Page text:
Third, don’t believe everything you read about Iraqi outrage at America. If you’ve been following events in Iraq at all, you’ll know that the nation has been convulsed by large-scale protests against Iranian influence. These uprisings are far more extensive, far more violent, and far more deadly than the localized attack on the American Embassy this week. Hundreds of Iraqis have died, thousands have been injured, and they’ve thrown the Iraqi government into (another) state of chaos. Moreover, the Iraqi government knows that it faces a tremendous challenge from Iranian-backed militias. Thousands of fighters exist within Iraqi territory. They’re outside of Iraqi government control, and they can even (as we just witnessed) conduct operations within Baghdad itself.

Critics of the Trump administration’s air strikes claim that the administration squandered rising anti-Iran sentiment and united Iraqis (and the Iraqi government) against the U.S. That may be correct. I’m not so sure, however. Public condemnation sometimes conceals private support (or at least acquiescence), and I’ve heard indications that the Iraqi government was perhaps more supportive than its public posture would indicate.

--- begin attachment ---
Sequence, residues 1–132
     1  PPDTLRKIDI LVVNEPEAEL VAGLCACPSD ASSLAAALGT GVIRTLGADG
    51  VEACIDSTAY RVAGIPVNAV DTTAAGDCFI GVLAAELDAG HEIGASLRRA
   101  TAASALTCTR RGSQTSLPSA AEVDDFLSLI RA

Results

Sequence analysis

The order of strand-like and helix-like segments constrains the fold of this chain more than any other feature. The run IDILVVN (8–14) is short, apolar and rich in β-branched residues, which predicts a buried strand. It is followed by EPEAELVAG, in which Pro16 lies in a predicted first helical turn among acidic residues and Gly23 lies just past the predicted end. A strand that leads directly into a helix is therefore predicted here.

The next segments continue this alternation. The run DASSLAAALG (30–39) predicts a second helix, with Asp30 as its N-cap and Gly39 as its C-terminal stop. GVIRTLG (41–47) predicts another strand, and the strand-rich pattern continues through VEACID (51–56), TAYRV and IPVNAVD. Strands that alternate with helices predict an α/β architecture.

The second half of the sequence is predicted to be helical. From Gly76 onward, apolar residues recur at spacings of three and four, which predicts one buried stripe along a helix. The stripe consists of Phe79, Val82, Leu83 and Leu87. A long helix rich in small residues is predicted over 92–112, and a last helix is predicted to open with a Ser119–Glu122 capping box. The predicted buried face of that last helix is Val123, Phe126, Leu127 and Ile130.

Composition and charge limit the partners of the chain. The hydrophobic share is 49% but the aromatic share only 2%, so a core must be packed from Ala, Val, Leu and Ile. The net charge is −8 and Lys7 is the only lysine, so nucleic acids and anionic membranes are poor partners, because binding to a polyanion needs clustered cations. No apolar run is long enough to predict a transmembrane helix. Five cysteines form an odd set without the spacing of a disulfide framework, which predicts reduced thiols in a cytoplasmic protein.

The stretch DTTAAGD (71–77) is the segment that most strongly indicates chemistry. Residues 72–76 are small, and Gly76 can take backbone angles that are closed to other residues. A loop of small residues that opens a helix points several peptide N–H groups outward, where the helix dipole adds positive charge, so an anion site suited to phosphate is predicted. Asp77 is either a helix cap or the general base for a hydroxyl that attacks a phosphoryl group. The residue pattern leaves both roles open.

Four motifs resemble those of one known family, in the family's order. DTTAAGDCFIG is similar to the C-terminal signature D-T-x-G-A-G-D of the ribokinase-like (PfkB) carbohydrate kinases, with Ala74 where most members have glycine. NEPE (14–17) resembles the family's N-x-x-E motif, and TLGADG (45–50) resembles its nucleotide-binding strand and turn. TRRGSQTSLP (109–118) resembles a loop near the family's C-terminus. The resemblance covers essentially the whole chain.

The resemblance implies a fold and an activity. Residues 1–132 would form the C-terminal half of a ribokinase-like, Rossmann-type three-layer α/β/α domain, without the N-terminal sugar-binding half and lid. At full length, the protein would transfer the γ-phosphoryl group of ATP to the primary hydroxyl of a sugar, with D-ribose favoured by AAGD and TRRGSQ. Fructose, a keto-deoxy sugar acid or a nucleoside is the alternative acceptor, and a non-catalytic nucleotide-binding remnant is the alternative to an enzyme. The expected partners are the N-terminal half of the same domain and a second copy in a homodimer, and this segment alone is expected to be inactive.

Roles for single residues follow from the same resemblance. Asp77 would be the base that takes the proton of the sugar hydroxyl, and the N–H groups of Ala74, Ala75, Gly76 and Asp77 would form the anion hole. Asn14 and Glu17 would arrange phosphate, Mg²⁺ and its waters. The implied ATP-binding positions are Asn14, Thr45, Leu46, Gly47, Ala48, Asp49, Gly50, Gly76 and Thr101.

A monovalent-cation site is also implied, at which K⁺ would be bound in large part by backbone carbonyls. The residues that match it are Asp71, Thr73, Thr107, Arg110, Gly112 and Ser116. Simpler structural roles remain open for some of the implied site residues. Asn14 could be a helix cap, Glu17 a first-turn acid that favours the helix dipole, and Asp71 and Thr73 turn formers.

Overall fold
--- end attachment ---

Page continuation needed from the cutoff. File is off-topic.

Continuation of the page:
In short, don’t draw conclusions about the long-term effect of the air strikes just yet. They didn’t adjust the structural dynamics that triggered the anti-Iran protests, and many Iraqis know that the American presence does help prevent even greater degrees of Iranian domination and influence.

Finally, every party is playing with a weaker hand than it would like. Iran’s economy is crippled by sanctions, the regime is facing a rising wave of opposition across the region, and it’s wracked by its own round of deadly internal protests. The Trump administration is taking a firmer approach to Iran than Obama did—and we’re unquestionably the dominant military power in the region—but Trump has no interest in a renewed Middle Eastern conflict, and neither do the American people. In fact, a new Middle East war (and the global economic disruption that could result from serious combat in the Persian Gulf) could doom his re-election chances. As for Iraq, it’s still reeling from its horrific war against ISIS, its politics are still chaotic, and they have no real plan for dealing with the Iranian militias in their midst.